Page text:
Taxes: When is Enough, Enough?
Does government have an insatiable appetite for cash ï¿½“ yours? Hearing the anxiety over the Tax Cuts and Jobs Act of 2017 by liberals one would think that the issue about winners and losers was more amount taxation as an entitlement program rather than about how much of YOUR income you are able to protect from the government.
The lack of honesty and transparency in this process have been palpable. People who felt that any deficit under Obama was acceptable but any deficit under Trump is catastrophic are of concern. By the same token those who had heart attacks with the national debt before Trump give it a passing glance now.
Public policy must be guided by a long term strategic vision and not a day-to-day situational tirade.
Public opinion polls that seem to indicate that the taxes popular in one area or another are disingenuous at best. It is government’s role to protect the minority from the whims of the majority. We have been warned consistently to be very careful when the majority of citizens are subsidized through entitlement programs at the expense of the minority who is paying for those entitlement programs.
In the Tax Cuts and Jobs Act of 2017, there is a $10,000 limit on SALT deductions for state and local taxes. My state of Pennsylvania and most of the Northeast states and West Coast states are in the high state tax category. Many of the legislators from those states objected to the tax reform saying that it would adversely affect their state. The prior tax code benefited the high-tax states at the expense of the lower tax states due to the federal subsidy through the tax code of the deductions for SALT taxes.
The previous tax code was in effect a subsidy of large government while penalizing states favoring small government.
The perception that regulations and tax policy do not impact economic growth is laughable at best if it were funny but unfortunately it is all too much of a reality. Our economy had been stagnating for almost 2 decades because of the strangling effects of burdensome tax policies and regulatory policies.
Government would have you believe that if it passed a law that said that people will demand more if prices are higher despite the law of demand which states otherwise then that misguided policy will become fact in the mind of the government. The perception that government can change economic laws at a whim may be the culprit behind the insanity of “No-Document Loans” which led to the housing market meltdown.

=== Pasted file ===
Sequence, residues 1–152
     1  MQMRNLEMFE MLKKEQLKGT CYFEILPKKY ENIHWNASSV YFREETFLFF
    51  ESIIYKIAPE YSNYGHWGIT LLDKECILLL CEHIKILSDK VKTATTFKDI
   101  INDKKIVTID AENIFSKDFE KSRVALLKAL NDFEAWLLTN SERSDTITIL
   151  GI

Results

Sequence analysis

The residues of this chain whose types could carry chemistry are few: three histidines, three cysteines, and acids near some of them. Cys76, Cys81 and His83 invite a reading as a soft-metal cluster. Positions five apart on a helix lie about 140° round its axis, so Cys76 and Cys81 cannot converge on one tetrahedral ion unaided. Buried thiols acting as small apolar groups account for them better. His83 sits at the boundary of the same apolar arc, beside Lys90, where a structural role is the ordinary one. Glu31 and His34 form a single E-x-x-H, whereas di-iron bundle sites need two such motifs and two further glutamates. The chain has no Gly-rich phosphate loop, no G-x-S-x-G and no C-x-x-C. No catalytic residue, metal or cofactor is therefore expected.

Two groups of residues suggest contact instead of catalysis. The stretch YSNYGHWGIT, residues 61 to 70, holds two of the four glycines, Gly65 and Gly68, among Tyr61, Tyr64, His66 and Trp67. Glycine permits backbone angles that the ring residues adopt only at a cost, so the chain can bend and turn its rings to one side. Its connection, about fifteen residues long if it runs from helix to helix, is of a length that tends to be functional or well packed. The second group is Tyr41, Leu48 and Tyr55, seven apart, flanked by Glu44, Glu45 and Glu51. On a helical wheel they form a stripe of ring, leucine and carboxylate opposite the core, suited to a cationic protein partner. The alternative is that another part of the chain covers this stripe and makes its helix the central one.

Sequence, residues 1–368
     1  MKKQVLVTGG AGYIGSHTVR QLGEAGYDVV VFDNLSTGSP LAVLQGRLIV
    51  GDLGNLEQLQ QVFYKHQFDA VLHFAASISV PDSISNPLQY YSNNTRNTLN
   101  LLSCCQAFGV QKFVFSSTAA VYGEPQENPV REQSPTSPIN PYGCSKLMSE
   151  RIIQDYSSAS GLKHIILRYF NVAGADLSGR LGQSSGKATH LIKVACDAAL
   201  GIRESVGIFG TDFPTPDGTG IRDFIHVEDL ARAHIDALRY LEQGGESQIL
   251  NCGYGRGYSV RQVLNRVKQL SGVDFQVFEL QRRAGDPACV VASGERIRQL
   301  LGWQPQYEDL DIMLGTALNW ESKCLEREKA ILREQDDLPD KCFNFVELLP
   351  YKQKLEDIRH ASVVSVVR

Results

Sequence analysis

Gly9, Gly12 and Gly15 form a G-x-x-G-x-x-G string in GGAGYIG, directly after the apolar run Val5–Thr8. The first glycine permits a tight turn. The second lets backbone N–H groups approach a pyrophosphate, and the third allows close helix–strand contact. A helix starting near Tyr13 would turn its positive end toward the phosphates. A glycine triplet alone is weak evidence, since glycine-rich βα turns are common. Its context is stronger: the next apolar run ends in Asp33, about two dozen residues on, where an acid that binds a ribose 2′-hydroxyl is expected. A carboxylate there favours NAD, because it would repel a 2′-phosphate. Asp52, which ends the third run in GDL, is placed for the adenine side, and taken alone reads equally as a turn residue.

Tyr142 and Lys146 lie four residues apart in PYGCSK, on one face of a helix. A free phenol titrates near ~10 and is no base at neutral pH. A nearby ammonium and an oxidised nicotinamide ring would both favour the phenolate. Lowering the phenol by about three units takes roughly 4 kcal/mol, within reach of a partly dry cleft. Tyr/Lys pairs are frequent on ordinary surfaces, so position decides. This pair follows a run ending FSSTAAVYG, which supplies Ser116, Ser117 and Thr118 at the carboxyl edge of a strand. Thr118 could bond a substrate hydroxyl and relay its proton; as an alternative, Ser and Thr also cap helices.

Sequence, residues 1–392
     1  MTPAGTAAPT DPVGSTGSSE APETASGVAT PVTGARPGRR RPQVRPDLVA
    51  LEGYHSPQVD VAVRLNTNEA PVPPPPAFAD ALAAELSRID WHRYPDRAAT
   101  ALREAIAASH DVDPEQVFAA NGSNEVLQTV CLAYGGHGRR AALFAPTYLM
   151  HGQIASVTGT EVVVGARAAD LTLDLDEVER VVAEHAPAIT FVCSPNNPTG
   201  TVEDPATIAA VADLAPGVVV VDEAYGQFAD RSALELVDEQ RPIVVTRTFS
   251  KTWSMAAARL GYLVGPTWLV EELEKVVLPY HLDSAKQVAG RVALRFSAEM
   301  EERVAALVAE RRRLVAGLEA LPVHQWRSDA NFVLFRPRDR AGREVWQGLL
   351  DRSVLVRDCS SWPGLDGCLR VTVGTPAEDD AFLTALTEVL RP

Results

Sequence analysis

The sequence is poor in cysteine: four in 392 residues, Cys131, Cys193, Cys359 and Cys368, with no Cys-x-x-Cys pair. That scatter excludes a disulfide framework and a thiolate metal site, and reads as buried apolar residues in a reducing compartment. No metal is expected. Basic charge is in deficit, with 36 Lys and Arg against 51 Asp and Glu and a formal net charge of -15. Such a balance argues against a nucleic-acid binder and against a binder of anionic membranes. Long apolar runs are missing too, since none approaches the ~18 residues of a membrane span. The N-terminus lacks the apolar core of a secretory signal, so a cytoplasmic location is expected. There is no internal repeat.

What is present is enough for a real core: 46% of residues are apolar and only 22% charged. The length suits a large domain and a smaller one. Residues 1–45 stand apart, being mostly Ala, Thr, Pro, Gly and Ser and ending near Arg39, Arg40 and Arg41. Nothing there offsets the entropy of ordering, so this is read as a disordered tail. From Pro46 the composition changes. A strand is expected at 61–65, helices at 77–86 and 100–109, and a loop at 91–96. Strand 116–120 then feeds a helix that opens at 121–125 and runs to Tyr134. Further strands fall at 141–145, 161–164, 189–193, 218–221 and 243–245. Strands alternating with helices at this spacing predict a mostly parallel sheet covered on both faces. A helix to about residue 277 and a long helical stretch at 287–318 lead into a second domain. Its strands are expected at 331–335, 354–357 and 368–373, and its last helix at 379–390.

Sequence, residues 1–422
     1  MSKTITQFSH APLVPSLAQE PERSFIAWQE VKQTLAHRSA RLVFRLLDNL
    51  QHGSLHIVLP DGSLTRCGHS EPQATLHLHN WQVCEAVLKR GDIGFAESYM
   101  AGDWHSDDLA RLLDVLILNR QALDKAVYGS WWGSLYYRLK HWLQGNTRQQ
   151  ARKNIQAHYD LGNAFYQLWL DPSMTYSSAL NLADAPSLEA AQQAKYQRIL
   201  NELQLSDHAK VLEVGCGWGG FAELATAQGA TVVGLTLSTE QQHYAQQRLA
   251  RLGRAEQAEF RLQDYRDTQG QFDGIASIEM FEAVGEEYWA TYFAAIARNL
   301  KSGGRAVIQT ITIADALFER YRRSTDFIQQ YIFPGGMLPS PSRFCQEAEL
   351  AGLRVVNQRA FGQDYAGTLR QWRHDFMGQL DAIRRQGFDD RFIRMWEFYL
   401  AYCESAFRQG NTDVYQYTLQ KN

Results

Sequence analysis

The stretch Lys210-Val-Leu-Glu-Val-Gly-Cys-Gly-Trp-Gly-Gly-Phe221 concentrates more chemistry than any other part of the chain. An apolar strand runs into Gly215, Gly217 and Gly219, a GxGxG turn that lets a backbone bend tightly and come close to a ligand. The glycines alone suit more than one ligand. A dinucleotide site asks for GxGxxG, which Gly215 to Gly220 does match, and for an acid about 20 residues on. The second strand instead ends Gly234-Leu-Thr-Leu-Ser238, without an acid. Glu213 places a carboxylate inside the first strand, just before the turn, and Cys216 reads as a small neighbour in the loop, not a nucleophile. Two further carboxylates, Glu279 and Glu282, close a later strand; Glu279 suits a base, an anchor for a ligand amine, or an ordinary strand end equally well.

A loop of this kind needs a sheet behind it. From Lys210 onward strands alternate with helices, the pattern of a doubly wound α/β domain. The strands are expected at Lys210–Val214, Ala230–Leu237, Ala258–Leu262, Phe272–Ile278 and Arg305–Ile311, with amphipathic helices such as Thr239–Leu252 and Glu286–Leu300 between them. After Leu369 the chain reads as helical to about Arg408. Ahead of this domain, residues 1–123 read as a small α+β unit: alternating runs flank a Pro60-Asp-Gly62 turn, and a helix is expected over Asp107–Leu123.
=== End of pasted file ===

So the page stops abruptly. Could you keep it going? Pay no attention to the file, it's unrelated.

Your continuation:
What should concern all of us is when government believes that another person’s property is theirs which can then be taxed without regard of the consequences on the property owner. For example, skyrocketing property taxes to support the insatiable appetite of government is bankrupting seniors and forcing thousands to lose their homes in many states.
The Whiskey Rebellion of 1794 should serve as a powerful reminder of how people react to an unjust tax.
In the Whiskey Rebellion:
“In January 1791, President George Washington’s Secretary of the Treasury Alexander Hamilton proposed a seemingly innocuous excise tax “upon spirits distilled within the United States, and for appropriating the same.“1 What Congress failed to predict was the vehement rejection of this tax by Americans living on the frontier of Western Pennsylvania. By 1794, the Whiskey Rebellion threatened the stability of the nascent United States and forced President Washington to personally lead the United States militia westward to stop the rebels”
This is not to imply that our citizens will rebel but the election of 2016 our citizens told the “swamp” that they have lost faith and will react in ways only they understand.
We have an opportunity to either rebuild that trust which is so lacking in government or to cement the destiny of the nation ï¿½“ a destiny that will continue to decline and thereby hasten our bankruptcy.
The decision is ours. Do we allow the government to abuse the taxpayer because they can? Do we allow the bureaucracy to win at the expense of those who were elected to serve? Do we succumb to the pressure to spend at the expense of being wise? Do we just surrender to that which is easy today but fatal tomorrow?
Your income is yours. You do not have to justify why you spend what you do, only government does. Fair is when government can legitimately justify why it spends what it does.
Col. Frank Ryan, CPA, USMCR (Ret) represents the 101st District in the PA House of Representatives. He is a retired Marine Reserve Colonel and served in Iraq and briefly in Afghanistan and specializes in corporate restructuring. He has served on numerous boards of publicly traded and non-profit organizations. He can be reached at [email protected]